Posts Tagged ‘ethics’

Justice and Forgiveness

April 10, 2014

Last night in our Bible study at church, we were discussing the Lord’s Prayer and the emphasis on forgiveness.

And forgive us our sins,
For we also forgive everyone who is indebted to us.  (Luke 11:4)

We were in agreement that it is necessary for us to forgive those who have wronged us.

Then someone asked about justice.  Just the day before, a family had observed the one year anniversary of a tragic event.  A baby had been shaken by his father, causing severe damage.  The child went through months of seizures, and has lasting damage that, unless miraculously healed by God, will likely be permanent.  While the baby fought for his life, and while the mother and family dealt with the multiple treatments, seizures, and ongoing effects, the father moved out, and was free to go about his business while the justice system went through the various steps leading eventually to conviction and confinement.  The family was, and is, concerned about justice.  A wrong had been done, a penalty should be paid.

How do we reconcile forgiveness and justice?  This blog does not claim to present the final solution to that problem, but rather, a starting point for thought, and perhaps discussion.

I would suggest that forgiveness is an act of an individual, while justice is a function of society.  Forgiveness is an attitude that allows us to let go of the anger, resentment and hatred that poisons our hearts.  Justice is a necessary component of society that punishes wrongdoers, thus preventing us from taking matters into our own hands.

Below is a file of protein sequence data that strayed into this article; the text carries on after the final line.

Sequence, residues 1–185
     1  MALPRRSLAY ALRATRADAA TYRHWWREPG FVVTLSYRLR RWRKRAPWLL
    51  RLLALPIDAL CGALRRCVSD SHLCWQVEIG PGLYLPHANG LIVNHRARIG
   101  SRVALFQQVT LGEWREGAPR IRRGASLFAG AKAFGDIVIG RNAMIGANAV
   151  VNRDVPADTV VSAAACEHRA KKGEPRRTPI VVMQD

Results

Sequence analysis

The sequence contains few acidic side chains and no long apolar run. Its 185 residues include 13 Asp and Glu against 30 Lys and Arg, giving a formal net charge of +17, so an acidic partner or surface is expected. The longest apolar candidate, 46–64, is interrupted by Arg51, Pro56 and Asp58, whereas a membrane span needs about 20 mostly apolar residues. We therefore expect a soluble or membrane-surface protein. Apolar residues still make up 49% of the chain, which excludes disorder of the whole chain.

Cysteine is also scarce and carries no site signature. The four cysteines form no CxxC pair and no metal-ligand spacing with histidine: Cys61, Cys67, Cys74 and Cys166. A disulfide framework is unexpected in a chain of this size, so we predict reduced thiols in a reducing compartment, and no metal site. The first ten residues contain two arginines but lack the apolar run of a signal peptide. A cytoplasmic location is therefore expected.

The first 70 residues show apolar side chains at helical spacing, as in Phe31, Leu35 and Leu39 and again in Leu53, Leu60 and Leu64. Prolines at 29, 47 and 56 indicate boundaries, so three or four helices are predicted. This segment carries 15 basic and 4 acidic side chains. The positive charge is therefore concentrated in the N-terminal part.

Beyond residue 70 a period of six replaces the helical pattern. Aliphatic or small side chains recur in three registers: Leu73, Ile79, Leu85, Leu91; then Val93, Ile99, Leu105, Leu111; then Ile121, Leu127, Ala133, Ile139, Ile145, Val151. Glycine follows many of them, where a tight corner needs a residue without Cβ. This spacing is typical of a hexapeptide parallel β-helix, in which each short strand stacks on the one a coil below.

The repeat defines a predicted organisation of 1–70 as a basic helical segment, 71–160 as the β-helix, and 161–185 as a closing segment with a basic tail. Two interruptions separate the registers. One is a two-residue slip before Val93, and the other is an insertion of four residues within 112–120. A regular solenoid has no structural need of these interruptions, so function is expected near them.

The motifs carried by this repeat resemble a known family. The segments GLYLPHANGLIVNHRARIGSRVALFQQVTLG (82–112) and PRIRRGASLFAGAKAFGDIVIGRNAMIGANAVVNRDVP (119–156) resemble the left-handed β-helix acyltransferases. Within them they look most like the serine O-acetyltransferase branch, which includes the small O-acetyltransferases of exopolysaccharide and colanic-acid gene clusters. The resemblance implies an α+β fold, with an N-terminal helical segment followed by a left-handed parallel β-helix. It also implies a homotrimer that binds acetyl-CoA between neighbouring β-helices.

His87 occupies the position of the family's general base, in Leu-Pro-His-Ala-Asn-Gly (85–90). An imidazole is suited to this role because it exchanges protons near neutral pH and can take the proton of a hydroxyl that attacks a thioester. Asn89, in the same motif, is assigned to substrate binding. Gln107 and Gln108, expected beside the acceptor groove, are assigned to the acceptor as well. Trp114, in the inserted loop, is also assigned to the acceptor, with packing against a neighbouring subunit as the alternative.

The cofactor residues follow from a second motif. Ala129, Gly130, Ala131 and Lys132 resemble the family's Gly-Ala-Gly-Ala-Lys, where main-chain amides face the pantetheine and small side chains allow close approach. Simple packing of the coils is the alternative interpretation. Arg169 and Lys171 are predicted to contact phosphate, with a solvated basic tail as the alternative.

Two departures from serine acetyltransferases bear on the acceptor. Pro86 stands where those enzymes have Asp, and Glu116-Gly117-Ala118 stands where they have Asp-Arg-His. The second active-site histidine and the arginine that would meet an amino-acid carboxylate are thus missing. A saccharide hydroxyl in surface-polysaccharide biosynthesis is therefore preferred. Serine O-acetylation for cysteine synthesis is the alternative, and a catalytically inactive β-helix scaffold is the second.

It would be wrong to think that God only supports forgiveness.  The Mosaic Law set forth laws, and punishments for those that broke the law.  These penalties were considered to be just.  It would be wrong to think that the God of the New Testament, with the emphasis on forgiveness; and the God of the Old Testament, with an emphasis on judgement, are incompatible, or different Gods.  God is both just and forgiving.

There are consequences to wrongdoing.  These consequences can be both temporal and eternal.  God is both merciful and just.  We can be forgiven the eternal consequences of our sins, and still face the temporal consequences of our actions.

For the believer who has been wronged, it is important for us to forgive the wrongdoers and leave the consequences for their actions in the hand of God.

Beloved, do not avenge yourselves, but rather give place to wrath; for it is written, “Vengeance is Mine, I will repay,” says the Lord. (Romans 12:19)

Clearly there is a tension between justice and forgiveness.  As individuals we must forgive those who have wronged us.  As a society we must pursue justice for those who have been wronged.  The Holy Spirit can help us have the ability to forgive in our hearts,  and the wisdom to pursue justice in our land.

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A Good Superbowl

February 8, 2011

Sunday the Green Bay Packers became Superbowl Champions.  It was a good game.  Despite being down 21-3 in the first half the Steelers never gave up.  They battled back throughout the game so that the game was still in question in the final minutes.   One big play on their last possession and there would have been a different conclusion to the game.  I like games that keep you on the edge of your seat.  It is more fun to watch a close game than a blow-out.

It was a good Superbowl.   I define good by comparison to an ideal.  I think that definition of good can be used for more than football games.  When we say that something is good or even great, it is in comparison to some concept that we have of an ideal object.